According to the, 31.9 percent of all drivers involved in fatal crashes come up positive on drug screens. Add alcohol to the mix, and you become 23 times more likely to get in an accident than someone who is just solely drinking.
According to the study, the odds ratio that you get in an accident while on depressants including prescription pills, 3.57 while on stimulants like meth and cocaine, 3.03 while on narcotics, and 1.83 for cannabis (* there’s a caveat to this, keep reading).
Alcohol, meanwhile, remains the worst culprit. Nearly sixty percent of all fatal crashes involved alcohol. The summary/press release from Columbia doesn’t breakdown the rates of crashes that involved both alcohol and drugs by each drug category. But according to the report “the odds of fatal crash involvement increased by more than 13 times for those who were alcohol-positive but drug-negative, more than two-fold for those who were alcohol-negative but drug-positive, and 23 times for those who were positive for both alcohol and drugs.”
The study did have it’s flaws, though. Notably, it was done using data collected from the 2007 National Highway Traffic Safety Administration 2007 Roadside survey of Alcohol and Drug Use by Drivers. As the researchers at Columbia point out: the drug tests only gave a positive or negative – not specific amounts that could help researchers determine whether or not it truly had anything to do with impairment.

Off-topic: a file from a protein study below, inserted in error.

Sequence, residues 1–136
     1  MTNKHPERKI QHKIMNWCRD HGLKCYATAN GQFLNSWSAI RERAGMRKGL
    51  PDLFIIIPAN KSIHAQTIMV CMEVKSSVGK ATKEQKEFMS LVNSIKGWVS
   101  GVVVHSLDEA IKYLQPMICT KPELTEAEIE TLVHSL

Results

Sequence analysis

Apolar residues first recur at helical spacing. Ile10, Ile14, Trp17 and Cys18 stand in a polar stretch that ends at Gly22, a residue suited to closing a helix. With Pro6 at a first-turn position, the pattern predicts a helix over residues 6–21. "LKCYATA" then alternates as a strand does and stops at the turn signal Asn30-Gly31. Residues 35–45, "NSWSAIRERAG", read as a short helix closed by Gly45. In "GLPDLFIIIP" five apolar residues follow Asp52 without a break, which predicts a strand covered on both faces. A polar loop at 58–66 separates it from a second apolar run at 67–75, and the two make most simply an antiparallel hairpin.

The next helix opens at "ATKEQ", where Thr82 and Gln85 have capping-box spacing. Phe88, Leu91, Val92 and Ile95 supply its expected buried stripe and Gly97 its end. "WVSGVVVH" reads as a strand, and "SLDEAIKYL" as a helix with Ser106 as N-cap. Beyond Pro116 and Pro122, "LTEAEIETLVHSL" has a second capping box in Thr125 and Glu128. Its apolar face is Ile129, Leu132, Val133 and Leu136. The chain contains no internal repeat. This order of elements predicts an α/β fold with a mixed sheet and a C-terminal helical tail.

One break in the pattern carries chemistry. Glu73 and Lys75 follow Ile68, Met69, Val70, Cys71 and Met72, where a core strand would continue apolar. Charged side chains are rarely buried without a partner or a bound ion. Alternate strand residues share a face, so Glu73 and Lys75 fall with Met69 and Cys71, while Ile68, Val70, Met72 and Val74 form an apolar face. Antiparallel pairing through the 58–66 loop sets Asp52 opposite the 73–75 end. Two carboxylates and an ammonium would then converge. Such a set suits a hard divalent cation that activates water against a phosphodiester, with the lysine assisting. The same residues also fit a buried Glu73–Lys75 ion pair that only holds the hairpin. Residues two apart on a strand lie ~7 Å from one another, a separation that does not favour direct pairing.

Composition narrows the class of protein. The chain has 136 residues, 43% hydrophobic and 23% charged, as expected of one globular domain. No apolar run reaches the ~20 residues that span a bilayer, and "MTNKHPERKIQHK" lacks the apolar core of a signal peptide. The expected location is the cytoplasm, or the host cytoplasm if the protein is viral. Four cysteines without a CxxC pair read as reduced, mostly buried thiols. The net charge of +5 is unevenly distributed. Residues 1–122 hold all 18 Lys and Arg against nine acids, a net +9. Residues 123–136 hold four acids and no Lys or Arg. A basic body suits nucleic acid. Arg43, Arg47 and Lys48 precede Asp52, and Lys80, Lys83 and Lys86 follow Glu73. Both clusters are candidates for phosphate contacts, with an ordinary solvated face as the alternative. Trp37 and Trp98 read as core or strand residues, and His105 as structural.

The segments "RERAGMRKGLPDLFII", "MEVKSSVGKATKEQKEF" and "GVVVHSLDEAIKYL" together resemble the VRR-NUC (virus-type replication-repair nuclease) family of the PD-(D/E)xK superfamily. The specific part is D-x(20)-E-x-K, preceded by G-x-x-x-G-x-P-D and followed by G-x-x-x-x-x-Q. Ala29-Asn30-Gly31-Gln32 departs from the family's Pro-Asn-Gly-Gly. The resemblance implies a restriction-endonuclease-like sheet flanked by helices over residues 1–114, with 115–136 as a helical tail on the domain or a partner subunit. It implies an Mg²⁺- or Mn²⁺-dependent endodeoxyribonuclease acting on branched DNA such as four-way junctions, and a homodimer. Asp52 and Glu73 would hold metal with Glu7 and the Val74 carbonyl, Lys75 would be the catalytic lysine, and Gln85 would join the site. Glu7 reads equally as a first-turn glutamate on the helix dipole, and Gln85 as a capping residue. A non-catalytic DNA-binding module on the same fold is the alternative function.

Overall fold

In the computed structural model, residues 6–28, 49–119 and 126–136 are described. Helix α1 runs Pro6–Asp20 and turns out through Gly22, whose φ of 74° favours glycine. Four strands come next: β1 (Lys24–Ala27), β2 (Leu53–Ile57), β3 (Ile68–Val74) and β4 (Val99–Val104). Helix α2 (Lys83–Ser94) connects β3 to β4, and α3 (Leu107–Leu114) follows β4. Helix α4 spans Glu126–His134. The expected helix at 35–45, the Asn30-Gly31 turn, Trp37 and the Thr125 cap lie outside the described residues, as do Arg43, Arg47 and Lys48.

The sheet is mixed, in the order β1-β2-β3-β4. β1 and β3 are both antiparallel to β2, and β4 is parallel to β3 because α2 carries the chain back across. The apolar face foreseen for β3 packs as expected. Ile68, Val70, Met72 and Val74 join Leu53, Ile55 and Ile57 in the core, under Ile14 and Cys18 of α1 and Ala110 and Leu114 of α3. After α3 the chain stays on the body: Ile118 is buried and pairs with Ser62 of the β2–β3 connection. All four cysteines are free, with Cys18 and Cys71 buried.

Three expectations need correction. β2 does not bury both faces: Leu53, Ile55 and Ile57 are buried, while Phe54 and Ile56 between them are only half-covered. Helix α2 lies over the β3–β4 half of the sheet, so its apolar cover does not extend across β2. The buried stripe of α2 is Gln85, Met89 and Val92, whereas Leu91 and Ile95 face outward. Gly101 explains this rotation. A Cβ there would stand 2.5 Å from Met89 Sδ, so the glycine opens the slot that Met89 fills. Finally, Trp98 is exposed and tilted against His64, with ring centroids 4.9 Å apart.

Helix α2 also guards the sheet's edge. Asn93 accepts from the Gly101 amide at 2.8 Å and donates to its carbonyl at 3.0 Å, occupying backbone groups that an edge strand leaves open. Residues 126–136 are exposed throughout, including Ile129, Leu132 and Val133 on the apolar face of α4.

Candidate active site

For example, someone who used cannabis a week ago at a party then was involved in an unfortunate fatal accident today would test positive for marijuana even though they had clearly not been stoned at the time of the accident.
Dr. Guohua Li, professor of epidemiology and director of the Center for Injury and Epidemiology and Prevention at Columbia’s Mailman School of Public Health, puts it more succinctly:
“First, a positive test indicates that the driver had used the drug detected but does not necessarily mean that the driver was impaired by the drug at the time of the crash or survey,” he writes. “Second, variations in individual tolerance and pharmacological characteristics of different drugs make it difficult to determine drug impairment. Also, there is no uniformly accepted definition of impairment for different drugs.”
While not directed specifically at marijuana use, Li’s statements certainly seem to apply to pot that situation more so than other drugs which don’t stick around in the body’s chemistry for near as long and therefore are more likely to be causing impairment if found in tests. Cocaine and other stimulants can be out of your system in a day and a half, for example. And alcohol can be gone within hours depending on your body weight and how much you consume.
Li’s research did lead him, however, to caution strongly against alcohol and prescription drug use.
“While alcohol-impaired driving remains the greatest threat to traffic safety, these findings about drugged driving are particularly salient in light of the increases in the availability of prescription stimulants and opioids over the past decade.”